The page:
About 450 workers, including 55 in IFPTE Local 21, make up the Labor Coalition, which is urging everyone who cares about fair pay to sign a petition to the Golden Gate District Board of Directors. To learn more, go to http://ifpte21.net/.
SPEEA welcomes AARP Foundation Litigation to
age discrimination case against Spirit AeroSystems

WICHITA, KS – The Society of Professional Engineering Employees in Aerospace (SPEEA), IFPTE Local 2001, is pleased to announce that lawyers from AARP Foundation Litigation are joining with existing legal counsel to represent former employees who filed charges of age discrimination against Spirit AeroSystems on behalf of union-represented employees.

Originally filed by 10 SPEEA-represented employees in March with the Equal Employment Opportunity Commission (EEOC) and the Office of Civil Rights (and now up to 30), the charges allege the aerospace supplier to Boeing and Airbus terminated hundreds of employees in 2013 because they were older and either they or a family member had a costly medical condition.

Midwest Director
Bob Brewer addresses former employees of Spirit AeroSystems at a recent meeting with legal counsel from AARP Foundation Litigation, our union and counsel for the employees.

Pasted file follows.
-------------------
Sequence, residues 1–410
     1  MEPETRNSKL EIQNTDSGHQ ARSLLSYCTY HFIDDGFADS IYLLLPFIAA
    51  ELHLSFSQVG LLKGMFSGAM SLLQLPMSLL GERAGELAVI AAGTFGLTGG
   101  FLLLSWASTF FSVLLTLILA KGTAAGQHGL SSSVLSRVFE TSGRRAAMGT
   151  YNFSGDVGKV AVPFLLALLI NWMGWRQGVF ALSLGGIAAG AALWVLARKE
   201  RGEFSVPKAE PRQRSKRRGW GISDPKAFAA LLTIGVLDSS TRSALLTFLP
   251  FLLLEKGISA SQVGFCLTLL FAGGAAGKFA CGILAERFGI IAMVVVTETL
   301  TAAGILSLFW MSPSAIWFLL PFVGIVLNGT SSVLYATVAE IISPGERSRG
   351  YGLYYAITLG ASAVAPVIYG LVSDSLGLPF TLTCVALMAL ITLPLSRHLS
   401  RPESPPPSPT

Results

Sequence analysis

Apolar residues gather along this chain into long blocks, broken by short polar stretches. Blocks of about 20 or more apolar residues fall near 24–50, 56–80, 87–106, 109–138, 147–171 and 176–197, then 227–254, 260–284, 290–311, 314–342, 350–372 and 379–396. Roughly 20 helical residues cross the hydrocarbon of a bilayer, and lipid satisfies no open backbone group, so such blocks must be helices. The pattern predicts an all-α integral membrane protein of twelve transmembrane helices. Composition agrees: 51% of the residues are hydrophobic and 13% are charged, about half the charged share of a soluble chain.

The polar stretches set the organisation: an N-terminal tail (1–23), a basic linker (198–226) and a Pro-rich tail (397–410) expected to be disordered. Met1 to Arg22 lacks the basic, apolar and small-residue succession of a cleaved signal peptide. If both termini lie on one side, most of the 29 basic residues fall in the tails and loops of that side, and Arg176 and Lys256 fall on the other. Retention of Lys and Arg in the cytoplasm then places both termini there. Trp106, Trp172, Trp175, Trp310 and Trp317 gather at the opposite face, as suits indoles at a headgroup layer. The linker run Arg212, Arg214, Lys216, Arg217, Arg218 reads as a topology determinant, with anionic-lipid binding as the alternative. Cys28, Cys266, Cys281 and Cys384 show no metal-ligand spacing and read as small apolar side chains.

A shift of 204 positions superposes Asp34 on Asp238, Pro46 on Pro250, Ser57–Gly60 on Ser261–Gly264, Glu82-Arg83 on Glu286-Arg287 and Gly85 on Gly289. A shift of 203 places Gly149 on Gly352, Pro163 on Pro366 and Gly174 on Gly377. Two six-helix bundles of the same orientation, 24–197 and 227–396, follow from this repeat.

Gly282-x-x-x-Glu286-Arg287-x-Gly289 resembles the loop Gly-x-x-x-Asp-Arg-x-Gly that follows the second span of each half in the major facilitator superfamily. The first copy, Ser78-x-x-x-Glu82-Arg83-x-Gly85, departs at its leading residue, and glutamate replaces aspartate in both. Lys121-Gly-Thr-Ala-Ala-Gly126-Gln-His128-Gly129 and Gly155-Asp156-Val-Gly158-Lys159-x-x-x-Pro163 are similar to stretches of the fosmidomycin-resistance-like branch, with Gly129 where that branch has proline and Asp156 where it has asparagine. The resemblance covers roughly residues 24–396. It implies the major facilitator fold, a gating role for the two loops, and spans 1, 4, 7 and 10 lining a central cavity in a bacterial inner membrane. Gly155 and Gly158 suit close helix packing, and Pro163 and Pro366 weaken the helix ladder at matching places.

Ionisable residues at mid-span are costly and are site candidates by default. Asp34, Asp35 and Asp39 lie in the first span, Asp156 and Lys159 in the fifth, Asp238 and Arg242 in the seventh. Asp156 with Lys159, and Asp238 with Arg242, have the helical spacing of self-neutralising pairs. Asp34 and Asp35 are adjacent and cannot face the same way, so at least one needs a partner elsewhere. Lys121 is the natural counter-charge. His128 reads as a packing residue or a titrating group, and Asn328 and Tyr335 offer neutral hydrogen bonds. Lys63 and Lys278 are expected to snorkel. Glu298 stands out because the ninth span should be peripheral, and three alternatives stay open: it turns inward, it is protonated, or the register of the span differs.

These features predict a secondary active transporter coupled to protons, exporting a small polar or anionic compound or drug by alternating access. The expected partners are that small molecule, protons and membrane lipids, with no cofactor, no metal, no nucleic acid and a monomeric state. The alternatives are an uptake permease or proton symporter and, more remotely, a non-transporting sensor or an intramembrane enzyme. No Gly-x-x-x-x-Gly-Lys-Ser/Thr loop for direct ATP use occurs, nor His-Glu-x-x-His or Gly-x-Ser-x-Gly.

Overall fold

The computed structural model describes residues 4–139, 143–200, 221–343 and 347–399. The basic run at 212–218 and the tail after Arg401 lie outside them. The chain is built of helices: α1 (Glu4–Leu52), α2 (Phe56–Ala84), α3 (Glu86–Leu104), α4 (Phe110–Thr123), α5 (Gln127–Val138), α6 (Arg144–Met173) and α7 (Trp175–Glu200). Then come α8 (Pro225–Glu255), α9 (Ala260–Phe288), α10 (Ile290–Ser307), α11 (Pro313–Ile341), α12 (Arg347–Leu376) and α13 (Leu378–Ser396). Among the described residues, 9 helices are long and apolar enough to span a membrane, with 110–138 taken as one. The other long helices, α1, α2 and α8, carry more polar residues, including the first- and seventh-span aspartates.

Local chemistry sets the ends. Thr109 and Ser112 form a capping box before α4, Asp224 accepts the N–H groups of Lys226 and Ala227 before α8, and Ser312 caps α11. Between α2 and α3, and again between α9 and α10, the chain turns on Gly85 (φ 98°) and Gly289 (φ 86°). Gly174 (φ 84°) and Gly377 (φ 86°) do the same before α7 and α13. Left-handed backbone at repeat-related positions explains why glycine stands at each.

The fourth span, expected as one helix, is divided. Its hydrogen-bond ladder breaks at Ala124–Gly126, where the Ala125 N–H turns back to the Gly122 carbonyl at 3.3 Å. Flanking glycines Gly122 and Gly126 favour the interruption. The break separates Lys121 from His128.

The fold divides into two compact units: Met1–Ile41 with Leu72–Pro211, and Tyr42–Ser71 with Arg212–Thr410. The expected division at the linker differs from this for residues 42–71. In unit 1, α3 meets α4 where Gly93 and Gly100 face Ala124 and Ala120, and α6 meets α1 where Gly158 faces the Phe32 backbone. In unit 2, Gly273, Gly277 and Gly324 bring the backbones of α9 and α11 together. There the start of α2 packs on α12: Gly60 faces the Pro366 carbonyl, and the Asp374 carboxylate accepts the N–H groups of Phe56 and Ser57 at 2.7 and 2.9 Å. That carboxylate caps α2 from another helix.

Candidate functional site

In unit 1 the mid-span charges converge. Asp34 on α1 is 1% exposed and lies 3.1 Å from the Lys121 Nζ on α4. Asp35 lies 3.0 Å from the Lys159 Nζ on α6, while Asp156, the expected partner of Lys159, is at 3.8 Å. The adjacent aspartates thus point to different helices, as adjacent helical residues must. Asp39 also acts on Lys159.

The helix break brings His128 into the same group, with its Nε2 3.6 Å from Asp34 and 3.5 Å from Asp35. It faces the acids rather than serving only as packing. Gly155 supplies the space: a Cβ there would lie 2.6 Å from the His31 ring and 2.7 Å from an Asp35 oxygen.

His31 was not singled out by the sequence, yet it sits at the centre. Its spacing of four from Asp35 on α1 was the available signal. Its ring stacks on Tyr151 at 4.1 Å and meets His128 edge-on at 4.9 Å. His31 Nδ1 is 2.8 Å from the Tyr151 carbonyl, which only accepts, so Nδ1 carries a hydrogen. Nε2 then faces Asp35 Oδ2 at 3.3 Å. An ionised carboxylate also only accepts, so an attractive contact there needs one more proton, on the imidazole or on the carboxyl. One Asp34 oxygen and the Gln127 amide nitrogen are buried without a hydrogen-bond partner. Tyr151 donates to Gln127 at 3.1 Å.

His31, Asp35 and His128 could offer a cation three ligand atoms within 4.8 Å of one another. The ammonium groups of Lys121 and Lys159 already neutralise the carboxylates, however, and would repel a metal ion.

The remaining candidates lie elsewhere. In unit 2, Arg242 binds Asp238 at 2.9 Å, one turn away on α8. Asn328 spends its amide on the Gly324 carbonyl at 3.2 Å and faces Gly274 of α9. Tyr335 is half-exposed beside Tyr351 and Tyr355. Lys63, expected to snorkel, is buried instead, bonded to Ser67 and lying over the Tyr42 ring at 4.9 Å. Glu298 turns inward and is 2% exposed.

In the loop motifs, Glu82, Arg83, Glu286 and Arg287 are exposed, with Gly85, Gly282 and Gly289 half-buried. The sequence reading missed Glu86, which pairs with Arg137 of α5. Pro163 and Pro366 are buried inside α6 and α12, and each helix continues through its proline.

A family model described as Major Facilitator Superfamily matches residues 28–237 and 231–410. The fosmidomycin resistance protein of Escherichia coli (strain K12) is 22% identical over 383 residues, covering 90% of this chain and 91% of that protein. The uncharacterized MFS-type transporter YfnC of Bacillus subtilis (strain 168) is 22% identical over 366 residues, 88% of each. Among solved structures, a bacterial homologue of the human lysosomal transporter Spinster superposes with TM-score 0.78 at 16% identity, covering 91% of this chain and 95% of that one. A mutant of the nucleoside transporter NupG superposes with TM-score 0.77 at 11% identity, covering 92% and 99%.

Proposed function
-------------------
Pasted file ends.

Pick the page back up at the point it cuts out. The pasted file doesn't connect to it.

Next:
The layoffs occurred after Spirit switched its employee medical coverage to a self-insured program. In the process of deciding who to lay off, the charges also allege, Spirit illegally disclosed confidential medical information.

“The addition of AARP Foundation attorneys brings an added level of expertise and resources to our efforts to bring this injustice to an end,” said Earl Carter, SPEEA Midwest vice president.

About AARP Foundation Litigation
AARP Foundation Litigation is a component of the AARP Foundation, which is AARP’s affiliated charity.  Learn more at www.aarpfoundation.org.

Contract benefit
Resume and job-search workshops available at Ed Wells Partnership

Ed Wells Partnership (EWP) recently added a number of resume and job-search workshops to its list of offerings. The workshops provide information about how to be successful searching for new jobs within Boeing.

Complete information and registration is available on the Boeing intranet:http://edwells.web.boeing.com/CareerCoaching.cfm.